Heineken might not be up for sale, but shareholders deserve more transparency, writes Nyenrode Business Universiteit’s programme director Jan Maarten Slagter.
Freddy Heineken’s spirit was surely made manifest at the offices of Heineken’s advertising agency last week. The full-page advert which was printed in every Dutch newspaper on Saturday was a true homage to the man who made the company great and whose marketing sense was second to none.
At the same time it was a declaration of independence. ‘Of course we’re for sale’ the ad said in bold Heineken-green letters. Underneath a frothy beer in the middle of the page came the punchline, in slightly smaller print: (‘In more than 10,000 locations in the Netherlands’).
In other words: Anyone can buy Heineken products – please do. But the company itself is out of bounds.
Not for sale
The advert is the popular translation of a press statement given out by the brewery last weekend. In it Heineken said it had been approached by British competitor SABMiller with a takeover proposal which it had subsequently spurned.
The company had discussed the offer with its majority shareholder Heineken Holding, which has 50.05% of the shares, and had come to the conclusion that SABMiller didn’t stand a chance.
The statement added that the Heineken family, which owns 52% of Heineken Holding, is determined to preserve Heineken’s ‘heritage and identity as an independent company’.
The management as well as the family have every confidence in the continued ‘growth and shareholder value’ of the company. The last sentence in the five sentence statement is as final as it is arrogant: ‘Heineken are not making any public announcement regarding this statement.’ Apart from the advert a week later, of course.
It’s a nice moment for the fans of the indomitable Gauls. We may have lost KLM, Douwe Egberts and Verkade to foreign invaders but one company is still holding out against globalisation. But putting rampant Orange sentiment aside for a moment, we have to conclude that what Heineken has done is unworthy of a listed company.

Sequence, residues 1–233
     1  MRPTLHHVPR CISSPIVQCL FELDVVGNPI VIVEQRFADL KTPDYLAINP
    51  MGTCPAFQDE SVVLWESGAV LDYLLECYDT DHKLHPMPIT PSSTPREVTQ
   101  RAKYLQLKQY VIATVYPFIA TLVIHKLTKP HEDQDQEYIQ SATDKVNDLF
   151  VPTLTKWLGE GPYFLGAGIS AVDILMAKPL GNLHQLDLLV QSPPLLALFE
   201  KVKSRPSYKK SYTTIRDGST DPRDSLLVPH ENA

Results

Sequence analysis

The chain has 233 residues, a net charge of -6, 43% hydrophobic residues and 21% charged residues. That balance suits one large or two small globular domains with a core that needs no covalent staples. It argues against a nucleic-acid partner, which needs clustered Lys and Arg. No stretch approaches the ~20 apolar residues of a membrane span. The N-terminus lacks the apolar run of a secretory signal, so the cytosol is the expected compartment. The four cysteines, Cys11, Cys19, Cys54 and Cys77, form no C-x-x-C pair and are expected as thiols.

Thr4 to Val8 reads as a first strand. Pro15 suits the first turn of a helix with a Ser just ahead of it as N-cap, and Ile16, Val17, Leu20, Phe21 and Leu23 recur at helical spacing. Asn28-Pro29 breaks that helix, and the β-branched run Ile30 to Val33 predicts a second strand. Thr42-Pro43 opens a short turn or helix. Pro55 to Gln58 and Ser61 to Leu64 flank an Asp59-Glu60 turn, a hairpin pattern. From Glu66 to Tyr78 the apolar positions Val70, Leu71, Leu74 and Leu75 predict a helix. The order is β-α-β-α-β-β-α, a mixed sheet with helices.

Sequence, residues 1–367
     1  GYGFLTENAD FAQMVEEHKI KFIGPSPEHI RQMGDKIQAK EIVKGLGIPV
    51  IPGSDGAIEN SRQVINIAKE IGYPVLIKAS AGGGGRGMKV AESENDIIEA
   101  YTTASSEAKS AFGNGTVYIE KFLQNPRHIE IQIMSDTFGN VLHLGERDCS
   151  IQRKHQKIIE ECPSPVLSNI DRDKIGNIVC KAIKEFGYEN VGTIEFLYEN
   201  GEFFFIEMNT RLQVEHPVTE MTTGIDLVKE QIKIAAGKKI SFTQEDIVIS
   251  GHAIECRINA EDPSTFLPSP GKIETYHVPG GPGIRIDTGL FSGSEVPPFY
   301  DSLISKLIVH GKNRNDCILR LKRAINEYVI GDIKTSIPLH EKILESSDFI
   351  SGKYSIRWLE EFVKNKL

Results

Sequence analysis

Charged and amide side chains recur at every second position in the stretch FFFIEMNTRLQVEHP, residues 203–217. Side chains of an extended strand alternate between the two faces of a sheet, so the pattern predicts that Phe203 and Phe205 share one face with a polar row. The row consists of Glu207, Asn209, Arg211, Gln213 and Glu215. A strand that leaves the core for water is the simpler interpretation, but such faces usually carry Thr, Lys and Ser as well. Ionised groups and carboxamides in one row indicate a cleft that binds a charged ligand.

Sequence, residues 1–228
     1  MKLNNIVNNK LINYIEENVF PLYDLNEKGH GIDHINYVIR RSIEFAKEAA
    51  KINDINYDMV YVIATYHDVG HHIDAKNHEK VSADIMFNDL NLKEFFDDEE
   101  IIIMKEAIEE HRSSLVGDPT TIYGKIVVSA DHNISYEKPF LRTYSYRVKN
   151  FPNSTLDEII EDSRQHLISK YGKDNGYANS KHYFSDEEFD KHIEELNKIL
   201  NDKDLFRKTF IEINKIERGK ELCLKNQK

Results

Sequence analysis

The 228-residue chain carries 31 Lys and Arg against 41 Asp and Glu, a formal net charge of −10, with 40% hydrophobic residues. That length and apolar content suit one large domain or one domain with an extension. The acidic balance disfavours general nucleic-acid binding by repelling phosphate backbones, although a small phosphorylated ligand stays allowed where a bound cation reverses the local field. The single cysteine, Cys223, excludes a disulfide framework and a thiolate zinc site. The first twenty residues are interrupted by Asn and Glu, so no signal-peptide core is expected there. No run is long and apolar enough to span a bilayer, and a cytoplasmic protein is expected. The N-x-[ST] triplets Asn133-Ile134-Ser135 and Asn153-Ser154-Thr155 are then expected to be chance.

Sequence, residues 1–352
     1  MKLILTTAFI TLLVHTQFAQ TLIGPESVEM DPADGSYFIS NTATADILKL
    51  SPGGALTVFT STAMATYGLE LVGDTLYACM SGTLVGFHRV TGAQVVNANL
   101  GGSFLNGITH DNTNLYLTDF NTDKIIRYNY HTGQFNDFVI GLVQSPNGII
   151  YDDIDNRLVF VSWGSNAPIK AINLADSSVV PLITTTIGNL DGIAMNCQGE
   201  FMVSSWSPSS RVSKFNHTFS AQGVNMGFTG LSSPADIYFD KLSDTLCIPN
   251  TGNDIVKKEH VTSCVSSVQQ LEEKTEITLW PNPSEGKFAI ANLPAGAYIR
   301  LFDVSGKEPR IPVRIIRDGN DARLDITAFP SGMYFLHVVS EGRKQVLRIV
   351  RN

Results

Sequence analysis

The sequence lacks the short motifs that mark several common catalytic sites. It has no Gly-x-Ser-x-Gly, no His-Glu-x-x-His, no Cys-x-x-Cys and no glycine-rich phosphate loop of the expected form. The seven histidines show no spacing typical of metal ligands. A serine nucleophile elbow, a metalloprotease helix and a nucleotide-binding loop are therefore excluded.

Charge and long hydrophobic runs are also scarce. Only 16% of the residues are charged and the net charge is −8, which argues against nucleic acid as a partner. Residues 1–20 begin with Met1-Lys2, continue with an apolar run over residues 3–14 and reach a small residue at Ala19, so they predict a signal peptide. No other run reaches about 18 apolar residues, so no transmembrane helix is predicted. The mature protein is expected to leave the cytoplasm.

Heineken is not only for sale in 10,000 outlets but also on Beursplein 5. Heineken and Heineken Holding have thousands of shareholders who together put in three quarters of the brewery’s capital.
The fact that the family, with just over 25% of the capital, still holds the reins is down to the stepped holding construction which Freddy Heineken introduced in order attract fresh money without losing control of the company.
That doesn’t detract from the fact that Heineken’s board of directors – and that of Heineken Holding – should also represent the interest of people whose last name does not happen to be Heineken.
For this category of shareholders, the ‘heritage and identity of Heineken as an independent company’ may not be as vital. A return on their investment probably is. Of course, everyone who invests in Heineken knows what he is letting himself in for, but to have a serious takeover bid rejected without even referring to the numbers (the amount was not mentioned in the press statement) is no longer done.
Heineken shareholders should be given more transparency – not the finger in the shape of a glass of beer in their Saturday newspaper.
Jan Maarten Slagter is programmme director at Nyenrode Business Universiteit.
This column was previously published in the Telegraaf.
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